The Arkansas commission responsible for setting the salaries for elected officials approved pay increases for judges and prosecutors Friday.
The Independent Citizens Commission unanimously approved a 2% cost of living adjustment and a 5% salary increase for state Supreme Court, appellate, circuit and district judges and prosecuting attorneys.
The commission approved the pay raises after officials representing judges and prosecutors asked for increased salaries to keep up with rising inflation. The salary increases will take effect on Nov. 28.
The new annual salaries for judges and prosecutors are:
• Chief Justice of the Arkansas Supreme Court -- $219,902.
• Supreme Court Associate Justices -- $203,625.
• Court of Appeals Chief -- $200,610.
• Court of Appeals Judges -- $197,596.
• Circuit Judges -- $192,918.
• District Judges -- $168,803.
• Full-time prosecuting attorney -- $183,272.
• Part-time prosecuting attorney -- $155,781.
At a meeting last month, the commission discussed pay raises with one member, vice chair Tommy May, voting against a recommended pay raise. May, was not present at Friday's meeting.
Those in favor of the pay raise argued it was a necessary move to keep up with inflation, mirroring the way some parts of the private sector have increased salaries for employees.
May said he worried the proposed pay raises for judges and prosecutors were more than workers in other high-level industries, such as banking, got as a result of inflation and worried the state will have fewer funds available to cover salaries if a recession were to hit.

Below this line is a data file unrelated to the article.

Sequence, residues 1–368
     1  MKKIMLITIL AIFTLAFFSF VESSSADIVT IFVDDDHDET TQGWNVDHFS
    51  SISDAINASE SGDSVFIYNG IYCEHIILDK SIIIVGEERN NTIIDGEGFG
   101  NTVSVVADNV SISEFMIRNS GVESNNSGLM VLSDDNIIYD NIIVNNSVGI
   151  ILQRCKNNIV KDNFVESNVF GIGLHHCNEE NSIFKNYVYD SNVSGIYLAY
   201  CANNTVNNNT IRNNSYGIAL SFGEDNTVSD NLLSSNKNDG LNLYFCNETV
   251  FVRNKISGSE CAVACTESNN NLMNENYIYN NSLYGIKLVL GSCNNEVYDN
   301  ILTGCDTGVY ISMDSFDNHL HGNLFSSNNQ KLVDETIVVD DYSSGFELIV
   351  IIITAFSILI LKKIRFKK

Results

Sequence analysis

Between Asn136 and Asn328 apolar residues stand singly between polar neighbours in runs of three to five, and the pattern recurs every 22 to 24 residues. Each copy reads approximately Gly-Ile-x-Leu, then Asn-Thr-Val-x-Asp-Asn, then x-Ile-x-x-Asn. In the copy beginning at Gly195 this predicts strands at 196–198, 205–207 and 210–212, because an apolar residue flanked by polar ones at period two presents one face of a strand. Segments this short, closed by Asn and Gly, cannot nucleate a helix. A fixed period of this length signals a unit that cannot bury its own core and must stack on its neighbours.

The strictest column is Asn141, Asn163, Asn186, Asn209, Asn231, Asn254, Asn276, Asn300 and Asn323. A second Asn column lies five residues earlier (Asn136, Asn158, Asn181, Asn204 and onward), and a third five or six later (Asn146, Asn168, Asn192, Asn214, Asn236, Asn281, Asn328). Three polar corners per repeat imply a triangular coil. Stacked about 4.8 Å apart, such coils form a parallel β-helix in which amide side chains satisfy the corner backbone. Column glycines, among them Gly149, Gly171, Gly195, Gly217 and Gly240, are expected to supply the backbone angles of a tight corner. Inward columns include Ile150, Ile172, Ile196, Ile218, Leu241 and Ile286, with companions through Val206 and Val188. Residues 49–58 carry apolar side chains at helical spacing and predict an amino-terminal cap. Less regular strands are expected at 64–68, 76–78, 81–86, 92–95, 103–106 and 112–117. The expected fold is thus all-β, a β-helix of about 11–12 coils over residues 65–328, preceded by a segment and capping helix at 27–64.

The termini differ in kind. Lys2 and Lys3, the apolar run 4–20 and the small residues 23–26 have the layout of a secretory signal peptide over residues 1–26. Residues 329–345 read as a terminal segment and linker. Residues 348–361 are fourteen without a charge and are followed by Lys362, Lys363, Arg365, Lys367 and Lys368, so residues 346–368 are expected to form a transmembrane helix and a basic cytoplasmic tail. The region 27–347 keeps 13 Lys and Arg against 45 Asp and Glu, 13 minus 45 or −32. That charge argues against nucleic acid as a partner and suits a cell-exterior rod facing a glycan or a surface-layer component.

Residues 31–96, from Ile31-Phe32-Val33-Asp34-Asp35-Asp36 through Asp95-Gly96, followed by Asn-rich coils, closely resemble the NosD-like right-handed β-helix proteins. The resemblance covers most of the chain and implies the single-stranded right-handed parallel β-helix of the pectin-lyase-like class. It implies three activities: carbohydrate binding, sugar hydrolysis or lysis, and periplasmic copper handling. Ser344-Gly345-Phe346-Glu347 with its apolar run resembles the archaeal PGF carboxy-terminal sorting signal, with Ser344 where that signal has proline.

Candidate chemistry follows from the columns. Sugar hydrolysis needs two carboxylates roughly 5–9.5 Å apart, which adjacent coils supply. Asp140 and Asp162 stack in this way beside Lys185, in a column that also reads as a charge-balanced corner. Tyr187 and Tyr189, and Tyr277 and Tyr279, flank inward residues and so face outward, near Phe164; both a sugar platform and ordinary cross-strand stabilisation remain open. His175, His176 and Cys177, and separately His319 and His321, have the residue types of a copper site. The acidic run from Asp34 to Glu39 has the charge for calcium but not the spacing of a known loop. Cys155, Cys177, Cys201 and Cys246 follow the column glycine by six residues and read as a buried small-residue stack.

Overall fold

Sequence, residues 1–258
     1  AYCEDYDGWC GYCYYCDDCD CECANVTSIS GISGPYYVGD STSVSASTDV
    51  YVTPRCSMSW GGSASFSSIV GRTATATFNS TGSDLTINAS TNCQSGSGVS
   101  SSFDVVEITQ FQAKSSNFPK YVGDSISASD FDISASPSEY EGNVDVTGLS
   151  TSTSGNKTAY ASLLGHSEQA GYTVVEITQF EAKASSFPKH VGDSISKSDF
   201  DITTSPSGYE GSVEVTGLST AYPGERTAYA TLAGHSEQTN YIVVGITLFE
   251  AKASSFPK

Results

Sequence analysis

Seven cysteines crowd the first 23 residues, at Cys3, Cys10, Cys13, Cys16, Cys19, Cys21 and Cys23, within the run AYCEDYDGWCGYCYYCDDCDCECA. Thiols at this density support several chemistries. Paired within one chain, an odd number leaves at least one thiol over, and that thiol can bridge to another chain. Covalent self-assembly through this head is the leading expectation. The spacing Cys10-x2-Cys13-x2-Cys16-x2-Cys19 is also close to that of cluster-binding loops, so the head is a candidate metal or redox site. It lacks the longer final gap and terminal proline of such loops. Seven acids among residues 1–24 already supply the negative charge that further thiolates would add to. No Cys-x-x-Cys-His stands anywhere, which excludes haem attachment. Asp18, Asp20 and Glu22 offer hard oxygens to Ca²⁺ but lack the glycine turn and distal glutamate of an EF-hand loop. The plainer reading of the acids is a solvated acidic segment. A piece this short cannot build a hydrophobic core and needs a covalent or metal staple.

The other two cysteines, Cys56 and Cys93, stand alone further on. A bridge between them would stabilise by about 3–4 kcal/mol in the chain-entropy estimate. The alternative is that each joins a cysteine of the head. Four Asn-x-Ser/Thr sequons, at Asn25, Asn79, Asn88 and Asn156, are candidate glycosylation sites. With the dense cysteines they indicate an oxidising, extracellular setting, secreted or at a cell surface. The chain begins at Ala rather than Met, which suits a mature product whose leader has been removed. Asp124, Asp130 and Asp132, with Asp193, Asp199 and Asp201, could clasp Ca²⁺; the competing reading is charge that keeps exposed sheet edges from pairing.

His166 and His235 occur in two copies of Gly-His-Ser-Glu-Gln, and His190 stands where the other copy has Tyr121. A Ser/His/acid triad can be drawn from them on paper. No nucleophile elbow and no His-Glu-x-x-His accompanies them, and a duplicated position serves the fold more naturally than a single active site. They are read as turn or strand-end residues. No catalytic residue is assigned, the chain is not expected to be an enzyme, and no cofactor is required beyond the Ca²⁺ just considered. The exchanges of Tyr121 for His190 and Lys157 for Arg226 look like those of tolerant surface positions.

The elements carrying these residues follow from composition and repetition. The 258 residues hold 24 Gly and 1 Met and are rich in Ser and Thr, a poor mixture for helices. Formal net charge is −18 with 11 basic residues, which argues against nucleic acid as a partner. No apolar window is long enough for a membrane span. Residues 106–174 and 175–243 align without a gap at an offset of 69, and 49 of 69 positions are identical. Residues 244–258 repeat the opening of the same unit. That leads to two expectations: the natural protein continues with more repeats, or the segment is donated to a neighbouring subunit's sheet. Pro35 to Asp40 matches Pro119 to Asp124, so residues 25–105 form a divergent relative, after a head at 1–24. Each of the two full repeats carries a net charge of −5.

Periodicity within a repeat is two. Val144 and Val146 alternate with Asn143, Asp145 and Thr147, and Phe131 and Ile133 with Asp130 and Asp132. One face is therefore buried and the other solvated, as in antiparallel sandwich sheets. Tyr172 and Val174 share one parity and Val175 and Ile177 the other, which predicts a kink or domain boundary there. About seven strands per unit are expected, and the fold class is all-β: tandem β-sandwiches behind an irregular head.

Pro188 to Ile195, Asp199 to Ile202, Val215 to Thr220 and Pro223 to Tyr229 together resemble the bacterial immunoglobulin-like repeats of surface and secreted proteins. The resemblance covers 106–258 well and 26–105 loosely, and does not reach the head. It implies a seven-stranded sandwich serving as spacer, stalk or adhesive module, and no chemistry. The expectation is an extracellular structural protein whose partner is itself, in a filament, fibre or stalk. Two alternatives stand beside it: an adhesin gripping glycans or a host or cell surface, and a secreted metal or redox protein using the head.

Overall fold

The pay raises for judges and prosecutors are similar to the ones Gov. Asa Hutchinson authorized for state employees earlier this year.
Hutchinson gave state executive branch employees a 2% cost of living adjustment in February citing inflation and called for executive branch state agencies to use up to 5% of their payroll costs for merit raises.
The commission, which also sets salaries for legislators and constitutional officers, postponed any discussion of salaries for those positions until a future meeting in January, the commission's chair, Annabelle Imber Tuck, said.
Tuck said the commission held off on discussion of salaries for constitutional officers given that May and fellow commissioner Phillip Fletcher were not present at Friday's meeting.
After the meeting in October, Tuck said constitutional officers and lawmakers had yet to make a request on raising salary, citing the coming General Election, as a possible reason why.
The governor's annual salary is currently $158,739, the attorney general's annual salary is $146,355, the secretary of state's annual salary is $101,322. Annual salaries for the state treasurer, auditor and land commissioner are $95,693 each.
The lieutenant governor, which is considered a part-time position, is paid $46,704 a year. Members of the general assembly make $44,356 a year, except for the Senate president pro tempore and the House speaker, who are paid $50,661 annually.